Connect with us


The potential impact of Tinubu’s proposed ministry reforms



As President Bola Tinubu revealed the designations of his upcoming ministers last Wednesday, an immediate and unmistakable transformation emerged – ten ministries underwent a process of unbundling.

In this comprehensive assessment, (TPN) aims to thoroughly examine the potential repercussions stemming from the division of ten prominent ministries, which had long remained tightly centralized over the course of several decades.

The primary concern at hand revolves around whether the deconstruction of these ministries, taking place at the culmination of President Tinubu’s four-year tenure, will yield positive or negative outcomes. This hinges on the question of whether Nigerian public servants, who have been known to disrupt well-crafted government policies, will handle this unbundling in a manner that preserves the integrity of these policies.

The unbundling gave birth to the listed ministries below:

1 .Marine and Blue Economy
2. Tourism
3. Art, Culture and the Creative Economy
4. Gas Resources
5. Steel Development
6. Finance and Coordinating Economy
7. Health and Social Welfare
8. Aviation and Aerospace Development
9. Youth Development
10. Humanitarian Affairs and Poverty Alleviation

The Ministry of Information, Culture and Tourism would be used as a yardstick in properly examining what happened in the immediate past eight -year tenure of President Muhammadu Buhari.

For eight years, information, culture and tourism co-existed with just one permanent secretary. For this period the core ministry which was information was totally abandoned as it was considered not too juicy.

The then minister, a veteran journalist concentrated only on the juicy sides, culture and tourism and the core segment of the ministry suffered for eight years.

All the directors shifted base to only the juicy areas of the ministry as information was embedded only on the then minister. The Ministry was reduced to just issuing statements and press briefings.

Unbundling the ministry to a large extent is a beautiful development.


*Will Federal Government redeploy permanent secretaries to the newly created ministries?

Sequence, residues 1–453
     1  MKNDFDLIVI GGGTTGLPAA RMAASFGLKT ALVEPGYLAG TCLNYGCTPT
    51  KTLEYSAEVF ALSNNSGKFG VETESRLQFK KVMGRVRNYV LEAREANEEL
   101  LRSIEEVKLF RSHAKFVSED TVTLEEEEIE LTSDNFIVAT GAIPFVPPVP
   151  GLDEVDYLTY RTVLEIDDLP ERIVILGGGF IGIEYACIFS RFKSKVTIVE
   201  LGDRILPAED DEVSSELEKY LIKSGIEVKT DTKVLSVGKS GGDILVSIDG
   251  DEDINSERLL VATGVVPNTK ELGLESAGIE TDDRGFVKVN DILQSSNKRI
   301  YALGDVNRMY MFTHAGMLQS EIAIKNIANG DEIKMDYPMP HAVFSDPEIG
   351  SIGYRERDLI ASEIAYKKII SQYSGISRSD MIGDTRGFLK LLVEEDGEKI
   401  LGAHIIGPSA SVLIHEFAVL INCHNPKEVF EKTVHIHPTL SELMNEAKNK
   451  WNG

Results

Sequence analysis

*Will civil servants who had written and passed promotion examinations and passed but remained on the queue for years be elevated to the next cadre?

*Is there going to be a mechanism to check these newly born ministries to see whether they are following the processes outlined for them to survive?

*Implementation of policies that are in most cases imported without necessarily checking whether they are environmentally friendly and others.

*Is there provision for adequate training of civil servants who are responsible to political appointees?

The above questions needed to be adequately addressed before Nigerians start seeing any ray of hope at the end of the tunnel.

Conclusively, the Public Service Regulatory Act on tenure has come to stay forever, definitely the top would soon be free and the top properly decongested and smarter minds at the bottom rung could take over.

Good a thing, decentralization is a global phenomenon which has gone a long way in making administration easier but it’s not the larger the number of ministries that eases governance and that’s what this new administration has not considered.

But then, appointing ministers is just a tiny side of the four-year journey of this administration. If it has plans to succeed, the raised questions demand an urgent answer or what happened in the Ministry of Information for eight years would be replicated as all ministries have juicy sides.